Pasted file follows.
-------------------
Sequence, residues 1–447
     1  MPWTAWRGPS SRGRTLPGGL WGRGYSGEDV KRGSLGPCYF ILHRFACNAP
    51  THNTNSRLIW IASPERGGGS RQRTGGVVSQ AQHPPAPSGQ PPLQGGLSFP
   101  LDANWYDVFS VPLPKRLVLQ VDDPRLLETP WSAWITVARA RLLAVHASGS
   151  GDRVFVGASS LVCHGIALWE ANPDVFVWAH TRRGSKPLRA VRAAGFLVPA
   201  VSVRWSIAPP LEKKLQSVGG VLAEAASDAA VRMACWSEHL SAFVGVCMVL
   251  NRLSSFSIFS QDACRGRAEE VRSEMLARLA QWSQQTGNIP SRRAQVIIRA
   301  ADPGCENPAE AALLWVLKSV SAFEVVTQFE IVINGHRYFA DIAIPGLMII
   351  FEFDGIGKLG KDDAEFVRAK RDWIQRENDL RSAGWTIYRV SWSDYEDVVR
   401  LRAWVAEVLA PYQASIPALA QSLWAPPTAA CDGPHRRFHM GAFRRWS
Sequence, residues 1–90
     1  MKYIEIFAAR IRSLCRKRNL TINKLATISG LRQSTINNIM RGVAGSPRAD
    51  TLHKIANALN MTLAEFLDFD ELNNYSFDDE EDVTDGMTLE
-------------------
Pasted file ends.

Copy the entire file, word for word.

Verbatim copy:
Sequence, residues 1–447
     1  MPWTAWRGPS SRGRTLPGGL WGRGYSGEDV KRGSLGPCYF ILHRFACNAP
    51  THNTNSRLIW IASPERGGGS RQRTGGVVSQ AQHPPAPSGQ PPLQGGLSFP
   101  LDANWYDVFS VPLPKRLVLQ VDDPRLLETP WSAWITVARA RLLAVHASGS
   151  GDRVFVGASS LVCHGIALWE ANPDVFVWAH TRRGSKPLRA VRAAGFLVPA
   201  VSVRWSIAPP LEKKLQSVGG VLAEAASDAA VRMACWSEHL SAFVGVCMVL
   251  NRLSSFSIFS QDACRGRAEE VRSEMLARLA QWSQQTGNIP SRRAQVIIRA
   301  ADPGCENPAE AALLWVLKSV SAFEVVTQFE IVINGHRYFA DIAIPGLMII
   351  FEFDGIGKLG KDDAEFVRAK RDWIQRENDL RSAGWTIYRV SWSDYEDVVR
   401  LRAWVAEVLA PYQASIPALA QSLWAPPTAA CDGPHRRFHM GAFRRWS
Sequence, residues 1–90
     1  MKYIEIFAAR IRSLCRKRNL TINKLATISG LRQSTINNIM RGVAGSPRAD
    51  TLHKIANALN MTLAEFLDFD ELNNYSFDDE EDVTDGMTLE